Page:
Housing sales in BC took a slight dip in July

Tuesday, August 31st, 2004

Sales for the first seven months of this year still ahead of 2003

Bruce Constantineau

Real estate markets throughout B.C. took a breather last month, with the number of house sales falling 15 per cent below the levels achieved in July 2003, the Canadian Real Estate Association reported Monday.

CREA said the number of Multiple Listing Service sales in the province fell to 8,433 in July from 9,927 a year earlier. The total dollar volume of those sales fell by more than six per cent to $2.376 billion.

But the year-to-date figures for the first seven months of 2004 are still far ahead of last year’s activity. Total MLS home sales throughout B.C. rose by nearly 12 per cent to 61,505, while total dollar volume increased by 27 per cent to $17.59 billion.

“The market has gone from red hot to merely hot,” said ReMax Real Estate Services owner David Andrews. “There are more listings than there was a year ago, but it’s still towards the tight end of the market, with a little upward pressure on prices.”

Vancouver realtor Bob Rennie said the dip in summer sales activity is normal, and noted that strong summer sales in recent years were unusual for the Vancouver market.

“I think people are confusing the summer slowdown with some kind of bubble bursting,” he said. “I think the market is fine. We can’t have lineups [with people snapping up new condo units] all the time.

“It’s really healthy now. People can go look at it, go home and then come back later and buy.”

Rennie noted his company sold about 60 condos this past weekend at the upscale Shangri-La project at Georgia and Thurlow, where prices range from $400,000 to $4.4 million.

“These are real buyers looking for a great place to live, they’re not looking to flip,” he said.

Real Estate Board of Greater Vancouver president Andrew Peck said an increasing number of listings that come onto the market in late spring caused buyers to take more time and look at more properties.

“The higher number of listings allowed people an opportunity to take a breather and take more time for their buying decisions,” he said.

Peck said the fundamentals driving the B.C. housing market include a relatively strong economy, strong investor confidence and low interest rates.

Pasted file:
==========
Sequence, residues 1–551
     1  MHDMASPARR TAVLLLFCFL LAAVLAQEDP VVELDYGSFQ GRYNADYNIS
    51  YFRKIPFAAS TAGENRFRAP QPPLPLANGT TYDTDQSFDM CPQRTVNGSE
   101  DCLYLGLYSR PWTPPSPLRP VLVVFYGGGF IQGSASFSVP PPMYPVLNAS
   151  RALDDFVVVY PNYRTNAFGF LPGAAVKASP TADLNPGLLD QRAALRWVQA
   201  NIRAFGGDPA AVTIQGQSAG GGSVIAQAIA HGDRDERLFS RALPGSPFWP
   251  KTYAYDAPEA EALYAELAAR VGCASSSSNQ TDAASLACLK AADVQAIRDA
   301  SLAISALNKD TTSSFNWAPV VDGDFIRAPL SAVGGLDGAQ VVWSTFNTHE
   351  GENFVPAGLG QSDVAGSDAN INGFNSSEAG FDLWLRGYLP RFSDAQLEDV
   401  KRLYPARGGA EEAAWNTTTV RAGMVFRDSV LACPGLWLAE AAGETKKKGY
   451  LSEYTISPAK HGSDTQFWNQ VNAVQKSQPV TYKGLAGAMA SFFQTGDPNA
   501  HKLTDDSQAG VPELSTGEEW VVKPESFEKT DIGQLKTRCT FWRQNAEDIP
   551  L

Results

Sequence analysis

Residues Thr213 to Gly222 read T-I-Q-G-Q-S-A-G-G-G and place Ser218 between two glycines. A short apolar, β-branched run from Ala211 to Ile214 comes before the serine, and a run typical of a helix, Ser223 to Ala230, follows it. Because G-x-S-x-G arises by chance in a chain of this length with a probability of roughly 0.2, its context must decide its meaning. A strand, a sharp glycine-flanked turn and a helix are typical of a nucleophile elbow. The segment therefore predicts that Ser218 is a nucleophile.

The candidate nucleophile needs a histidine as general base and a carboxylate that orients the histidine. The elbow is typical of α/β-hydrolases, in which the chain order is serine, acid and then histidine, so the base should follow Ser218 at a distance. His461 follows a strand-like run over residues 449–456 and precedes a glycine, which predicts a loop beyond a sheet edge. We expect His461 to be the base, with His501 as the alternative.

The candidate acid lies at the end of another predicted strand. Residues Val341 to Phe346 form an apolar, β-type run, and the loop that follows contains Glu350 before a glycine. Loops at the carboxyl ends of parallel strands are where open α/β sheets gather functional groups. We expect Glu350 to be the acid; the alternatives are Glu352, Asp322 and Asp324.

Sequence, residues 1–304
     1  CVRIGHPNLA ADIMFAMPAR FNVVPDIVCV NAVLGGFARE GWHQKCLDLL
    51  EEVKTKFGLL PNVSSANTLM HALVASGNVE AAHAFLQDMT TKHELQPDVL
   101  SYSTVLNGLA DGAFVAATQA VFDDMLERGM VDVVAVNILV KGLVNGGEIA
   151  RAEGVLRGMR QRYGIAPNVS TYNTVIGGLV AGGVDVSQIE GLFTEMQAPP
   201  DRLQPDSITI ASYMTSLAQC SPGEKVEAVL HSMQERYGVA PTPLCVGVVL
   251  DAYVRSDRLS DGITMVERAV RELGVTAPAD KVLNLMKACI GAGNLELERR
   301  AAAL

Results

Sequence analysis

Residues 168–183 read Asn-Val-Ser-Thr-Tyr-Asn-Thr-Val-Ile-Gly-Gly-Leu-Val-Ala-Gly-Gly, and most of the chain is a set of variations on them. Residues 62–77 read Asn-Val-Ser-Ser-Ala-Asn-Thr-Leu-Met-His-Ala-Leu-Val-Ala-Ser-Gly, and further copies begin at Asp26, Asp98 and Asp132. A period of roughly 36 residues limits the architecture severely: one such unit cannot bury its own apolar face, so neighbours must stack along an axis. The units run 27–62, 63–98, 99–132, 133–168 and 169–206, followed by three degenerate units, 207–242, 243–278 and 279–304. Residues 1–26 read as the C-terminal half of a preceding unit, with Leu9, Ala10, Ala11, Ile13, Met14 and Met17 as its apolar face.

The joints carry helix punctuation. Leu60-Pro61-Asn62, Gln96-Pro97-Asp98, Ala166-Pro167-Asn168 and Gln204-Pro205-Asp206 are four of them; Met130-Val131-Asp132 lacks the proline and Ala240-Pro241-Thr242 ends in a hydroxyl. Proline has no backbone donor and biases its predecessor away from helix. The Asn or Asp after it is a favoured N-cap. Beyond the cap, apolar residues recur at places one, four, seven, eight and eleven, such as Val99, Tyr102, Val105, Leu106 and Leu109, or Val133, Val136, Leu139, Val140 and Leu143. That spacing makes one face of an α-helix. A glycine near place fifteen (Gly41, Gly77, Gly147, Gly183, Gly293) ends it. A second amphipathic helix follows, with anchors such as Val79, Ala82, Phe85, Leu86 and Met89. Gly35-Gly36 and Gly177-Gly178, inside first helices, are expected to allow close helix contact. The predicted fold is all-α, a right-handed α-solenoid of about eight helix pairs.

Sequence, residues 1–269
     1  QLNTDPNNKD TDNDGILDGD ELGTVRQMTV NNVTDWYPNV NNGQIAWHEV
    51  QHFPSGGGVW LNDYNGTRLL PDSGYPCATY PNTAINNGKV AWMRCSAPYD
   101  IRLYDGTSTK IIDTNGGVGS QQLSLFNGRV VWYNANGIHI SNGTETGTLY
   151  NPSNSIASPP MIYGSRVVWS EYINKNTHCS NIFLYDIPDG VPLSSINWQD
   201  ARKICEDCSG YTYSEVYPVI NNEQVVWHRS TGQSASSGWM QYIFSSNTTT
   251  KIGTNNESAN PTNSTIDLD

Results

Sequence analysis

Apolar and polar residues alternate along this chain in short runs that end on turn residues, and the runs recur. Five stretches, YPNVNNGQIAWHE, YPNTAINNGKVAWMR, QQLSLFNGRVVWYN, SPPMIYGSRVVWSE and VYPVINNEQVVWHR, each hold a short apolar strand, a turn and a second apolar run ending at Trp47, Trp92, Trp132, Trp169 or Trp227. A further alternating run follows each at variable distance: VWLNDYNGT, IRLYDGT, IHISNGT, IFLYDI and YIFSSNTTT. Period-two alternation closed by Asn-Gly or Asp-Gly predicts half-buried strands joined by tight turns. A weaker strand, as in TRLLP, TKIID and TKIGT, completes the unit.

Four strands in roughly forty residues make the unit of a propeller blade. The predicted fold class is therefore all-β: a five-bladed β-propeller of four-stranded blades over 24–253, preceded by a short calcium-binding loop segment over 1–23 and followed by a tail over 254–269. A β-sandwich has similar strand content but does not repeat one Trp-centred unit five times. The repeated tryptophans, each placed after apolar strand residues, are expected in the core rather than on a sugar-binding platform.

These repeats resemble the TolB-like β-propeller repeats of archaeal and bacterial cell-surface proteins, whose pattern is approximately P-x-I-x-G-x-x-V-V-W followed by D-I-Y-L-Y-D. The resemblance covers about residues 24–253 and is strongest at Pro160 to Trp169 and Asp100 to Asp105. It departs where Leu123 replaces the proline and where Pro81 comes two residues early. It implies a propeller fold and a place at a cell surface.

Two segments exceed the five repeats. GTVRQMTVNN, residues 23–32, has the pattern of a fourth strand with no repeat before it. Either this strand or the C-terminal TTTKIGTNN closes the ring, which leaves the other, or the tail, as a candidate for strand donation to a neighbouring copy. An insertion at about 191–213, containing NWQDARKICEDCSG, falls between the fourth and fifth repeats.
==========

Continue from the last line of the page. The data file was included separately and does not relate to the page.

“If any of those things were to change drastically, then you would see a real altering of the real estate market,” he said.

On the national scene, the Canadian housing market also cooled somewhat this summer from the steamy levels seen in spring with both home sales and prices easing in July for the second straight month.

But CREA said the market remains strong and should remain so through the rest of this year thanks to relatively low interest rates and strong job growth earlier this year.

The number of existing homes that changed hands in July fell to 38,337 from 39,527, once adjusted for seasonal fluctuations, while the average selling price, at $224,117, remained below its peak of $230,418 set in May, the industry association reported Monday.

Compared with a year earlier, the average selling price was up 7.7 per cent, the first time this year that the increase has been below 10 per cent.

Still, average selling prices in all provinces were at an all-time high for the month of July and the total dollar volume of sales at $8.4 billion, while down from the peak of $9.1 billion set in March, was the fifth highest monthly level on record, the association noted.

“Yes, we’re coming off record levels but the market remains strong,” association economist Gregory Klump said in an interview. “I expect sales will remain at their current levels over the rest of the year and we do expect further price increases.”

Klump predicted year-to-year house price increases to move up to the high single-digit level for the rest of this year but not back to the double-digit increases seen earlier this year.

“Many renters who could afford to buy have gone into the housing market so some of the pent-up demand has been released,” Klump said.

“Sales continue to trend higher in Quebec and remain relatively stable in Saskatchewan, Manitoba, New Brunswick, Prince Edward Island and Newfoundland,” the industry association said. “Meanwhile, activity continues to trend lower from its peak reached earlier this year in British Columbia, Alberta, Ontario, and Nova Scotia.”

The number of new listings, adjusted for seasonal variations, also eased in July to 60,934 from 62,799, offering further evidence that the market is cooling off but keeping the balance between sales and listings steady.

Provincially, the average selling price of a home was highest in British Columbia at $281,750, up 10.4 per cent from a year earlier. The only other province to see a double-digit increase in prices was Nova Scotia where prices on average were 12.2 per cent higher than in July 2003 at $130,320.

© The Vancouver Sun 2004

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